attributes, input/independent variables, features


                    Tid Refund Marital    Taxable
                               Status     Income Cheat

                    1    Yes    Single    125K   No
                    2    No     Married   100K   No
                    3    No     Single    70K    No

object              4    Yes    Married   120K   No
                    5    No     Divorced 95K     Yes
instance
                    6    No     Married   60K    No
sample
                    7    Yes    Divorced 220K    No            class
                    8    No     Single    85K    Yes
                    9    No     Married   75K    No
                    10   No     Single    90K    Yes
               10
                  Attribute types
• discrete
  – Has only a finite or countably infinite set of values.
  – nominal (also categorical)
     • the values are just different labels (e.g. ID number, eye color)
     • central tendency given by mode (median, mean not defined)
  – ordinal
     • their values reflect the order (e.g. ranking, height in {tall,
       medium, short})
     • central tendency given by median, mode (mean not defined)
  – binary attributes - special case of discrete attributes
• continuous (also quantitative)
  – Has real numbers as attribute values.
  – central tendency given by mean, + stdev, …
        A regression problem

                  y = f(x) + noise
                  Can we learn from this data?


y
                  Consider three methods

    x


                           taken from Cross Validation tutorial
                           by Andrew Moore
                           http://www.autonlab.org/tutorials/overfit.html
        Linear regression

                 What will the regression model
                 will look like?

                 y = ax + b
y
                 Univariate linear regression
                 with a constant term.

    x


                              taken from Cross Validation tutorial
                              by Andrew Moore
                              http://www.autonlab.org/tutorials/overfit.html
taken from Cross Validation tutorial
by Andrew Moore
http://www.autonlab.org/tutorials/overfit.html
        Quadratic regression

                   What will the regression model
                   will look like?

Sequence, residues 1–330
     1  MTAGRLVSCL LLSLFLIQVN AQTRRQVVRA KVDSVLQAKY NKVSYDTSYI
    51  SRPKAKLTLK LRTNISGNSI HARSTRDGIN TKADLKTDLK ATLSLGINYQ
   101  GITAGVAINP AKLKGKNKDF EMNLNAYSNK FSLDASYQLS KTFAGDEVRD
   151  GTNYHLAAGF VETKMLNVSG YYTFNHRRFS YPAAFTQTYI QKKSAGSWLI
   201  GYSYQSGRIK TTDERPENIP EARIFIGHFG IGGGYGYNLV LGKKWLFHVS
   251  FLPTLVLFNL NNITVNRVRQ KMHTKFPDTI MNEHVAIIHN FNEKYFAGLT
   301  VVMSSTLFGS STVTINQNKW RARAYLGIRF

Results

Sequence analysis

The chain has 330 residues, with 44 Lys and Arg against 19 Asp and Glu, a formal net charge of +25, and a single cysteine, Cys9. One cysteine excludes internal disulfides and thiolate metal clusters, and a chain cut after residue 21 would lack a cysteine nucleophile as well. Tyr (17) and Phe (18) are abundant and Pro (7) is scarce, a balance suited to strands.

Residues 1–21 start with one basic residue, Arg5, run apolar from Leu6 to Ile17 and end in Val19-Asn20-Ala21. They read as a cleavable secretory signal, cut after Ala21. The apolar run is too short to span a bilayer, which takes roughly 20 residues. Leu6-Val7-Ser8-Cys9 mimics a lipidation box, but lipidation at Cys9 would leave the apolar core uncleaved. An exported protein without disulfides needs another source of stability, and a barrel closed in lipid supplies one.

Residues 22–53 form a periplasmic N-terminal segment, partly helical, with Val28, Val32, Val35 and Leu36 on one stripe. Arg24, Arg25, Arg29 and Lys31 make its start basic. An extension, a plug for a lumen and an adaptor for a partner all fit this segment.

y = ax2 + bx + c
y


    x


                             taken from Cross Validation tutorial
                             by Andrew Moore
                             http://www.autonlab.org/tutorials/overfit.html
taken from Cross Validation tutorial
by Andrew Moore
http://www.autonlab.org/tutorials/overfit.html
        Join-the-dots

               Also known as piecewise linear
               nonparametric regression if that
               makes you feel better.

y


    x


                        taken from Cross Validation tutorial
                        by Andrew Moore
                        http://www.autonlab.org/tutorials/overfit.html
                 Which is best?




Why not to choose the method with the best fit to data?



                                      taken from Cross Validation tutorial
                                      by Andrew Moore
                                      http://www.autonlab.org/tutorials/overfit.html
        What do we really want ?




Why not to choose the method with the best fit to data?

            How well are you going to
              predict future data?
                                        taken from Cross Validation tutorial
                                        by Andrew Moore
                                        http://www.autonlab.org/tutorials/overfit.html
               The test set method
                         1. Randomly choose 30%
                            of data to be in test set.

                         2. The remainder is training set.

                         3. Perform regression on the